The distribution of luminance involves such factors as the reflectance, shine and color of the surfaces at the workstation and within the interior. Surface finishes should be selected to avoid excessive differences in luminance (cf. Contrast) and irritating reflections in light-colored surfaces.
With regard to the risk of direct glare from luminaires, it should be borne in mind that the line of vision when working at a VDU is normally almost horizontal, whereas it is often angled downwards during other forms of office work. For that reason, Class A glare cut-off characteristics are required for such workstations pursuant to EN 12464, Part 7.
Reflected glare is caused by bright objects or areas reflecting in smooth or glossy surfaces, including computer screens. As such reflections depend on the angle of vision or incident light, the relative location of the workstations, VDU's and luminaires is a decisive factor in avoiding the problem, which can often be solved by simply changing the angle of tilt or swivel of the screen.
In accordance with EN 12464, Part 7, the Mean Luminance of surfaces that reflect in a VDU - including furnishings and windows - must be no higher than 200 cd/m², while maximum luminance must be limited to 400 cd/m². In the case of luminaires that reflect in a VDU, the provisions of EN 12464 are as follows. Beyond the luminance limit angle, i.e. the angle at which a luminaire starts to become visible to the operator in a VDU, mean luminance of the luminous surfaces in the planes C0-C180 and C90-C270 must not exceed 200 cd/m².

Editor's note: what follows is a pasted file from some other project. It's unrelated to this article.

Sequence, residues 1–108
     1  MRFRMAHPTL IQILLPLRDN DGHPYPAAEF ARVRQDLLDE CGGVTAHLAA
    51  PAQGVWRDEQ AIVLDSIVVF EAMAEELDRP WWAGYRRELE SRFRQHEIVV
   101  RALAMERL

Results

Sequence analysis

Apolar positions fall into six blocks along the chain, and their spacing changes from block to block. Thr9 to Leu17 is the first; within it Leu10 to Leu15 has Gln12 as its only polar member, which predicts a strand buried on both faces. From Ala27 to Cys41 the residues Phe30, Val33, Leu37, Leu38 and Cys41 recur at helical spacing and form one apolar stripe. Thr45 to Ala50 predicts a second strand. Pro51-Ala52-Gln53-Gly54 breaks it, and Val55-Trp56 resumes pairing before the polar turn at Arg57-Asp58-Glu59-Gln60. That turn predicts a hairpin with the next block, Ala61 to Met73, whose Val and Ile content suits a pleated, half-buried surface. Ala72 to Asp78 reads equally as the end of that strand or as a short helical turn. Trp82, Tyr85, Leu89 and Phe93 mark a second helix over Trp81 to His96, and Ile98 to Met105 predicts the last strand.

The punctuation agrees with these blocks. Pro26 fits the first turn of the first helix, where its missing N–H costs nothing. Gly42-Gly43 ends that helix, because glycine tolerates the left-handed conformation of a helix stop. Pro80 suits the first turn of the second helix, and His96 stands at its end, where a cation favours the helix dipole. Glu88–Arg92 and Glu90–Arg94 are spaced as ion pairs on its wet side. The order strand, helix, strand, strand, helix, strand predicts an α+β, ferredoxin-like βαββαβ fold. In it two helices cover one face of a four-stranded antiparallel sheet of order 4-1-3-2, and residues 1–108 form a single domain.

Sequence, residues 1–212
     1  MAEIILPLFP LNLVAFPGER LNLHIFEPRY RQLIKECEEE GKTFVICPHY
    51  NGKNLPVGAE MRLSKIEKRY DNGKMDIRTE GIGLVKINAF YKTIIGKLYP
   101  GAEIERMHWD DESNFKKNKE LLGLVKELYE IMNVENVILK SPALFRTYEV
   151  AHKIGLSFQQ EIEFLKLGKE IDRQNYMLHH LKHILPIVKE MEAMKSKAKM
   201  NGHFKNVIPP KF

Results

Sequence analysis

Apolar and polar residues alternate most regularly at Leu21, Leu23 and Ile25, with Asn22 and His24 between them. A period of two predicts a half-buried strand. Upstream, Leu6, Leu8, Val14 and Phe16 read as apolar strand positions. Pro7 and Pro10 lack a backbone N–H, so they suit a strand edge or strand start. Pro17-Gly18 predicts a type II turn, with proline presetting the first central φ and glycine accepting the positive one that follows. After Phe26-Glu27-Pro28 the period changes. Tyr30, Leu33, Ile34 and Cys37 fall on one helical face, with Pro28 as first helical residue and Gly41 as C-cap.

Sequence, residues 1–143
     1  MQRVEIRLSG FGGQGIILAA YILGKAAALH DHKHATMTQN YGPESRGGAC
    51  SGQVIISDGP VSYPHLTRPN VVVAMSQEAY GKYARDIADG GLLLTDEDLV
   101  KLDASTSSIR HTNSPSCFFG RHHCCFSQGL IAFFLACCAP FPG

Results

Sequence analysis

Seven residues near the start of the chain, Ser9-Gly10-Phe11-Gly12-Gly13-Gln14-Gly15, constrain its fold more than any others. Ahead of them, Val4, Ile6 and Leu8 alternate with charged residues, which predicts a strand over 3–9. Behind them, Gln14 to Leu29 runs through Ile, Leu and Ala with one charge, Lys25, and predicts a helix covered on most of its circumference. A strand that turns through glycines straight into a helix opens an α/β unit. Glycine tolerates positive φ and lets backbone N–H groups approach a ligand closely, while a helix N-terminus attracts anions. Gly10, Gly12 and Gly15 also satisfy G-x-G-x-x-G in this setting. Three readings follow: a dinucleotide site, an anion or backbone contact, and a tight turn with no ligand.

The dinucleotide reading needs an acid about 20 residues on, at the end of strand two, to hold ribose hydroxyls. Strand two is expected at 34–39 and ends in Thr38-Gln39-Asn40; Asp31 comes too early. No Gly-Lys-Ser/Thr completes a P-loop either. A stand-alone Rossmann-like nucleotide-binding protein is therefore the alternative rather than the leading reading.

The use of special VDU luminaires , however, with a luminance limit angle of 50°, only makes real sense for large offices. In smaller rooms luminance at the emission angle provided with such sophisticated glare protection would not in any case be visible in the computer screen. In the case of computer-supported workstations, therefore, the use of luminaires with a 60° luminance limit angle (specular darklight reflector optics) is to be recommended.
In the modern office computer screens are now often viewed at an angle of more than the 20° on which the standard is based. Notebook and other displays may even be used lying almost flat, which makes them susceptible to reflected glare from almost every direction. Picture tube technology has also made further progress in recent years, including antireflection coatings and the use of black lettering on a light background (positive contrast), so that there are now far fewer problems with irritating reflections. Where such modern equipment is in use, the standard explicitly permits higher luminance levelsthan the figures quoted, without specifying any maximum limits, however.